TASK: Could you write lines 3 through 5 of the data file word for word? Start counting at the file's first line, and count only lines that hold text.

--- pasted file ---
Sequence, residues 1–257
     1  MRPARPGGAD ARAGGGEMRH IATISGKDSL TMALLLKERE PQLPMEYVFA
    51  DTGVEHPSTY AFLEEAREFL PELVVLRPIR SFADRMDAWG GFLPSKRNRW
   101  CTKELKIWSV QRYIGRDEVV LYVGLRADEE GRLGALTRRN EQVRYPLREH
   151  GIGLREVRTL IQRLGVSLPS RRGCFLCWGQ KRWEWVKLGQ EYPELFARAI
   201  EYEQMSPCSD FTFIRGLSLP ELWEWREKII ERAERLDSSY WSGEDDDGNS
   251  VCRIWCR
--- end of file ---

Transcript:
    51  DTGVEHPSTY AFLEEAREFL PELVVLRPIR SFADRMDAWG GFLPSKRNRW
   101  CTKELKIWSV QRYIGRDEVV LYVGLRADEE GRLGALTRRN EQVRYPLREH
   151  GIGLREVRTL IQRLGVSLPS RRGCFLCWGQ KRWEWVKLGQ EYPELFARAI